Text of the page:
MIAMI INTERNATIONAL AIRPORT, FLA. (WSVN) - A South Florida Marine who gave his life defending his country during the Vietnam War was given a special send-off, as his body is being transferred to the Arlington National Cemetery.

For 90-year-old Georgie Carter-Krell, the mother of U.S. Marine Pfc. Bruce Carter, the journey that brought her son’s remains to Miami International Airport on Friday morning was more than five decades in the making.

“I’m so content that, if I could purr, I would,” she said.

Flanked by family members, Marines and police officers at MIA, Carter-Krell said she is very please to send her son off to Washington, D.C.

“He deserved to be in Arlington. He should have been there years ago, but we finally accomplished that,” she said.

Carter-Krell was joined by some of the people who helped her get her wish 51 years later.

7News cameras captured the moment Carter’s casket, draped with an American flag, was loaded onto an American Airlines plane.

“It takes a lot of horsepower — political, military — to make something like this happen,” said Randy Stillinger with American Airlines’ Military and Veterans Initiatives. “It’s very unusual to transport remains of someone who has been passed away for so long and to be in Arlington National Cemetery.”

Carter was 19 when he was killed in Vietnam on Aug. 7, 1969.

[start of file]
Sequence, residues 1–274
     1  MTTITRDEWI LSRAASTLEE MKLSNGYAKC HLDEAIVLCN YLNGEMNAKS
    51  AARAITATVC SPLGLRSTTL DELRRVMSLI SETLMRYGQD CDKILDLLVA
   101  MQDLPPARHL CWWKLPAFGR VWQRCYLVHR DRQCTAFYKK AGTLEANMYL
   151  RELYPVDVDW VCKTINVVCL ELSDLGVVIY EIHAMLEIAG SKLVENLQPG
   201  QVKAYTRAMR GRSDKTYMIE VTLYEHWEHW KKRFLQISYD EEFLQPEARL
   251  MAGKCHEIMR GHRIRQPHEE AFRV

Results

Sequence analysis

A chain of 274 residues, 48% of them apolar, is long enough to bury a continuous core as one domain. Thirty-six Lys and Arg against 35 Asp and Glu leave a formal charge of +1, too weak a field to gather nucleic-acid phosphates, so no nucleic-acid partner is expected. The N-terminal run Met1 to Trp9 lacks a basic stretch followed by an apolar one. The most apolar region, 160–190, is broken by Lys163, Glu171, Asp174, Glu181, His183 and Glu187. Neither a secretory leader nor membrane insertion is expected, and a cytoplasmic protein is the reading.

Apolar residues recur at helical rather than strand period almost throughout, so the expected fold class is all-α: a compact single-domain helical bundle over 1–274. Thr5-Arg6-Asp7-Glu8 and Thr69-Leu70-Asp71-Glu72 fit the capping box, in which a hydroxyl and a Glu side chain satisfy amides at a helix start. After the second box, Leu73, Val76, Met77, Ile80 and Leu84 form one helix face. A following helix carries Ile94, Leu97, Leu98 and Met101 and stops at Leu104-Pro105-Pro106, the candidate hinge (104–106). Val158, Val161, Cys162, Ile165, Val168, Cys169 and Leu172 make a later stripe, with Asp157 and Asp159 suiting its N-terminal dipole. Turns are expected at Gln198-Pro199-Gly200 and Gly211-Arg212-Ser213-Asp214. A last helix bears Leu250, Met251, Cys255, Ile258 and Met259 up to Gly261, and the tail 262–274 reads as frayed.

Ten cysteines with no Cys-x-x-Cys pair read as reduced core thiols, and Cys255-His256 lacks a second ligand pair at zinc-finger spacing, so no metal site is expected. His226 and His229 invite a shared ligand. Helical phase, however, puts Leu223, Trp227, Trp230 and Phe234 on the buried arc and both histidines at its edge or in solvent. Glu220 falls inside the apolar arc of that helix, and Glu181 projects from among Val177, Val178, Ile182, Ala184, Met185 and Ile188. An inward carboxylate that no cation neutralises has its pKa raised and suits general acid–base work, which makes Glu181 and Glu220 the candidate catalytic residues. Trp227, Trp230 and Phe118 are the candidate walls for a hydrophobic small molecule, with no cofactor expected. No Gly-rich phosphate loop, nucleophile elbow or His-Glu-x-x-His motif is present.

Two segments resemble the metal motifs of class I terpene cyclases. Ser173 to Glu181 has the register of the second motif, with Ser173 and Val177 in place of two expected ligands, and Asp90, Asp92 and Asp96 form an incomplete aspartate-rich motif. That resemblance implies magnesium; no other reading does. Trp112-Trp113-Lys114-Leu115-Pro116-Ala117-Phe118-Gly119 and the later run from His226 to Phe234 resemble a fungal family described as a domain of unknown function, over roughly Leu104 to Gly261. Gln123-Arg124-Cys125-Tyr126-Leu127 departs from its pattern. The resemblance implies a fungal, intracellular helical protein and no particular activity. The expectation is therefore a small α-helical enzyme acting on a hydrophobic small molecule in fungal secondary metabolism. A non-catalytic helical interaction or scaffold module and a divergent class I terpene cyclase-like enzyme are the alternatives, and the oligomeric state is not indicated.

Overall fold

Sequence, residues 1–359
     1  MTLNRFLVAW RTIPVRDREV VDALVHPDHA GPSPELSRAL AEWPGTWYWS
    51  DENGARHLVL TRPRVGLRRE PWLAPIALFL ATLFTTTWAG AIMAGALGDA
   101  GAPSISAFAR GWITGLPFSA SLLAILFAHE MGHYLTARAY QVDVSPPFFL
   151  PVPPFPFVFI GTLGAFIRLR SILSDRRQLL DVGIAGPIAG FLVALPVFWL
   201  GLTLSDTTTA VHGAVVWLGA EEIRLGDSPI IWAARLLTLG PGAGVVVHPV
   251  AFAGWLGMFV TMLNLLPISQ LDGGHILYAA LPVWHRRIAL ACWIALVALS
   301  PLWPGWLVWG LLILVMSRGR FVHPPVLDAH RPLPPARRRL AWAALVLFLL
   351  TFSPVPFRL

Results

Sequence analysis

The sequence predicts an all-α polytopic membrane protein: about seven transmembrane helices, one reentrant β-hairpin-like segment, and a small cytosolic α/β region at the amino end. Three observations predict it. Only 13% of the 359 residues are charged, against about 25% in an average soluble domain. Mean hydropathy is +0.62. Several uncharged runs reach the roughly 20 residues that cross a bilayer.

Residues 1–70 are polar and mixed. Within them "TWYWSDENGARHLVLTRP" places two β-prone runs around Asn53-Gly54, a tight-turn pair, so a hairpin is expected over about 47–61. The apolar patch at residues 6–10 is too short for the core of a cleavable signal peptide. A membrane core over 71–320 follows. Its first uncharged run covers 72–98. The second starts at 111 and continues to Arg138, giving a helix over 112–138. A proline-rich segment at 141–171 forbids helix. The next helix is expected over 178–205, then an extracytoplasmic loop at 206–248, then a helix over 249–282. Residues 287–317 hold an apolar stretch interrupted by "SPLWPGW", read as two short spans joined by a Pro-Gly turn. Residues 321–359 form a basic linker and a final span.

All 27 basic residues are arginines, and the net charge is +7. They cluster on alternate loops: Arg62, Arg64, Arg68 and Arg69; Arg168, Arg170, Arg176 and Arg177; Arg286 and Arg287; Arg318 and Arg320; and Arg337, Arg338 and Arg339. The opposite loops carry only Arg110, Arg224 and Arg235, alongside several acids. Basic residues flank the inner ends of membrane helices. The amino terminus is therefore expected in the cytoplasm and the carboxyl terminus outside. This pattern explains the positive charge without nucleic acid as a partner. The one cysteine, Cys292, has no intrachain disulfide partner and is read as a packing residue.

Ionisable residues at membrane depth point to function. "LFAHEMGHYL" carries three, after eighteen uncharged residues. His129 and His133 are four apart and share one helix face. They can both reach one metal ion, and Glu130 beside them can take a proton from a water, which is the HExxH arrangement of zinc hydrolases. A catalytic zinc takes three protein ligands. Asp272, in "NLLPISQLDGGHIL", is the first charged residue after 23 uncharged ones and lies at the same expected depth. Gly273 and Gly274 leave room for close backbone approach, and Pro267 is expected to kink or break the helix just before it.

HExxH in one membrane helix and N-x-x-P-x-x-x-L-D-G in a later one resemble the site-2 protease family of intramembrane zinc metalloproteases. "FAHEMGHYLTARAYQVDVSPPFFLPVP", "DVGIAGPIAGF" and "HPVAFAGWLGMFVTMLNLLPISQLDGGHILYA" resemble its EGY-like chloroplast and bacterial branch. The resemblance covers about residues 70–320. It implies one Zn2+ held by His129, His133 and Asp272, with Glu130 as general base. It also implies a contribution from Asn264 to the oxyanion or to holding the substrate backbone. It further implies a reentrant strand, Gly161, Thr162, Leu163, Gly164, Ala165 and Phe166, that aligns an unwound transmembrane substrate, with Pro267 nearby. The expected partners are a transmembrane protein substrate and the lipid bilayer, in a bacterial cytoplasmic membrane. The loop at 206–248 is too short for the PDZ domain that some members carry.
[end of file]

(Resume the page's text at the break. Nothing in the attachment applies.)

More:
U.S. Marine Gunnery Sgt. Lewis Slagle, Ret., described Carter’s heroic act.

“During a hostile firefight, a hand grenade was thrown, and he jumped on the grenade to help save his fellow Marines, giving his life, knowing full well what the consequences would be,” he said.

The Medal of Honor recipient was buried at Vista Memorial Gardens in Miami Lakes on Aug. 25, 1969. His remains exhumed Thursday to prepare for the transfer.

Seeing her son’s name at Arlington is something Carter-Krell has always wanted.

“She’ll have a peace of mind, as will her daughters and her granddaughter, that this has been accomplished,” said Slagle, “and he will be with the other heroes that have served and sacrificed for this country.”

Once the final ceremony is done, Carter-Krell said, she’ll know her son is home.

“If he’s in Arlington, he’s with all his buddies. He fought with them, died with them,” she said. “I always tell him, ‘Until we meet again.'”

Carter will be buried with full military honors at Arlington on Wednesday.

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